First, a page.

Why it matters: The new developments rise one major concern: overlaying other people’s faces over existing video content may be misused and pose a threat to brand safety.
The details: Snap has purchased AI Factory, the company Snap collaborated with in developing its Cameo feature, a feature that enables users to overlay their face over a selection of pre-made scenes.
And according to TechCrunch, Tikok is working on a deepfake-style feature, which asks users to take a multi-angle, biometric scan of their face and allows them to add their image into a selection of videos.
Apptopia Estimates TikTok Q4 Revenue To Reach $50M
TikTok revenue is expected to rise 300 percent in Q4, according to Apptopia, a startup that tracks mobile app revenue and usage.
Why it matters: The numbers indicate the company’s rapid year-over-year growth (compared to a Q3 in-app top-line figure of around $20 million).
The details: TikTok’s in-app purchase revenue rise 310 percent on a year-over-year basis reaching $50 million.
Editor’s Note: Our weekly social media news post is updated daily. This installment will be updated until Friday, January 10. Have a news tip? We’re looking for changes to and news surrounding social media platforms as they relate to marketing. Let us know at email@example.com.
A recent survey conducted by NPR and Edison Research shows that 54 percent of the US population has used some form of voice-command technology, such as smart speakers and smartphone voice assistants. “The Smart Audio Report” also found that 24 percent of the US population (over 60 million) own a smart speaker.
The average smart speaker household now owns 2.6 devices, up from 2.3 devices per household at the same time last year and up from 1.7 in December of 2017. This represents a 135 percent increase in the number of smart speakers in US households in two years. Of the respondents who use voice assistants, 24 percent said they use the technology daily. Juniper Research predicts there will be over 870 billion voice assistant-enabled devices in the US by 2022.
A lucrative opportunity for consumer targeting, smart speakers are also becoming critical touchpoints for reaching shoppers. eMarketer estimates that 11.8 percent, or 34.7 million, consumers will use a smart speaker to make purchases this year, growing to 38 million by 2021.
Digital audio has also provided advertisers with new ways to reach target audiences as the average US adult will spend more time listening to digital audio than listening to radio in 2020. The IAB estimated US audio ad spending totaled $2.25 billion in 2018, up from 22.9 percent in 2017.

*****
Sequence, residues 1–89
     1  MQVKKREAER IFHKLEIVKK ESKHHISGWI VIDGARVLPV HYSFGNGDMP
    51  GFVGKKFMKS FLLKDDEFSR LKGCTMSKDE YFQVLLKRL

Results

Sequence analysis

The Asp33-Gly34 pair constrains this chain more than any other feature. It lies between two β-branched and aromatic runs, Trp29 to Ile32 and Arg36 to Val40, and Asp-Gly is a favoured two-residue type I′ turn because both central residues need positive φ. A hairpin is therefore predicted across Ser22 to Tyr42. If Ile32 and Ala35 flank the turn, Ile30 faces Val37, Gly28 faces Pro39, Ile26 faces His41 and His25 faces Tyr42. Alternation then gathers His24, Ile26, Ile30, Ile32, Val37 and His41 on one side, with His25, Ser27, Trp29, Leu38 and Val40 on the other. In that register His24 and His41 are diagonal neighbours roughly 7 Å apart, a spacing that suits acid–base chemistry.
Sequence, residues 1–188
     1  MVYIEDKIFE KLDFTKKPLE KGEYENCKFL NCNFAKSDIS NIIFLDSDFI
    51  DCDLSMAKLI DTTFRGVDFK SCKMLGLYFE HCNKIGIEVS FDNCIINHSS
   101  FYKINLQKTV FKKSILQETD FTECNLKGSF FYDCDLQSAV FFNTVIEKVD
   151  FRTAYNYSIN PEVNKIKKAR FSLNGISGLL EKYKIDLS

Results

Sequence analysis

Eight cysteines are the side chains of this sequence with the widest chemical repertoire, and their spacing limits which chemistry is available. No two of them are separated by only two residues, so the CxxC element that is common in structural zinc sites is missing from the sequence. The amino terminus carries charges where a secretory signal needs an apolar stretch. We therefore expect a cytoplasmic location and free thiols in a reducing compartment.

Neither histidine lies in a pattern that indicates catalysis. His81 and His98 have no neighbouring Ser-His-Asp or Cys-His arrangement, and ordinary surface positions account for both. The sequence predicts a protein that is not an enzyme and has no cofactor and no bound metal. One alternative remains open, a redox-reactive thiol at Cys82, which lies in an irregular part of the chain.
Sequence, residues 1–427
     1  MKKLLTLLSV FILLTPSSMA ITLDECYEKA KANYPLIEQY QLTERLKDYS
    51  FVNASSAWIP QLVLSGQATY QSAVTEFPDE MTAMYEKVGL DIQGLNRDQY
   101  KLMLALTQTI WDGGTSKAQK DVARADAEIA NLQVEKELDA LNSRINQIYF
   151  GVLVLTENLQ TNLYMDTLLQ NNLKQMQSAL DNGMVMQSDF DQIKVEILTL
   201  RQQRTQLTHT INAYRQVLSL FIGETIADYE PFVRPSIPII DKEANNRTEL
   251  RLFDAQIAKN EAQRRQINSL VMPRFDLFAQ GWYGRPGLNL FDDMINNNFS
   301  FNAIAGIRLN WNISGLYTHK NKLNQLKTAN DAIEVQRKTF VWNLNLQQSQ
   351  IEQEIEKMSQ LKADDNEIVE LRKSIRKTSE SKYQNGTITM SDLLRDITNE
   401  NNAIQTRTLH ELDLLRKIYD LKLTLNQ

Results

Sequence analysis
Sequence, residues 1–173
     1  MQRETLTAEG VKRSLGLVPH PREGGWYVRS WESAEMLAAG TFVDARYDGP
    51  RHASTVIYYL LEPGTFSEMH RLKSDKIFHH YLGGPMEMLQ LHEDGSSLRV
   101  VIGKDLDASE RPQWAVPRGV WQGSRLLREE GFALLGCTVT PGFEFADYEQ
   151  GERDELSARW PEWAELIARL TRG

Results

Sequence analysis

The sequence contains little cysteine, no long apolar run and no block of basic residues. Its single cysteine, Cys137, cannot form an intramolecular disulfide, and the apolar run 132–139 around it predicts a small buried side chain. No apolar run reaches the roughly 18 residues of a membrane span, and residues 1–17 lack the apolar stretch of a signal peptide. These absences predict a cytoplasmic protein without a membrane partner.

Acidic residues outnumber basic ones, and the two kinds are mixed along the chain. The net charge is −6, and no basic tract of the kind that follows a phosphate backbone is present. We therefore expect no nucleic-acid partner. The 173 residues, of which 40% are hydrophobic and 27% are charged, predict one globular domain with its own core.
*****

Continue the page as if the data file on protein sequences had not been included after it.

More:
To reach these consumers, advertisers are investing more of their ad dollars into streaming audio platforms such as Spotify and Pandora. Last month, Pandora launched mobile interactive voice ads that listeners can talk back to with a simple “yes or no” in order to reduce friction with the listener experience. Pandora’s voice ads will fill part of the gap that exists in audio ad measurement.
Findings from “The Smart Audio Report” are based on telephone interviews with 1,015 adults ages 18 and older conducted from December 31, 2019 to January 5, 2020.
During the 189th episode of “Marketing Today,” I interview Jim Geikie, one of the partners at One Better Ventures. This recording took place before a live audience in Durham, NC. Jim spent 18 years at Unilever, then joined Burt’s Bees where he led retail strategy, brand marketing and business development. He also led Cree’s entry into consumer lighting and the commercial strategy for skincare maker, Lalumiere.
One Better Ventures nurtures and develops consumer brands that have a positive impact on the world. They advise, invest in and incubate mission-driven ventures with breakthrough sustainable business models.
Jim shares the importance of purpose for the success of companies. “The world is full of problems and there is nothing more powerful on the planet than business.” He discusses the obligation for companies to leave the world a better place as they make profits. One Better Ventures has the ability to “play this nice balance of avoiding work we aren’t good at, working a stage that we’re good at and being able to hand off appropriately.”
Highlights from this week’s “Marketing Today”:
How purpose directly impacts profit. (03:50)
The way to get big without “selling out.” (07:07)
The high BS meter of consumers. (08:25)
One Better Ventures focus on “growth stage” ventures. (09:05)
Five things that matter when One Better Ventures assesses a company’s potential. (13:02)
One Better Ventures’s focus on the health and wellness business. (15:43)
Key “exits” for One Better Venture and three important lessons learned. (18:11)
What’s next for One Better Ventures? (21:42)
Alan B. Hart is the creator and host of “Marketing Today with Alan Hart,” a weekly podcast where he interviews leading global marketing professionals and business leaders. Alan advises leading executives and marketing teams on opportunities around brand, customer experience, innovation and growth. He has consulted with Fortune 100 companies, but he is an entrepreneur at his core, having founded or served as an executive for nine startups.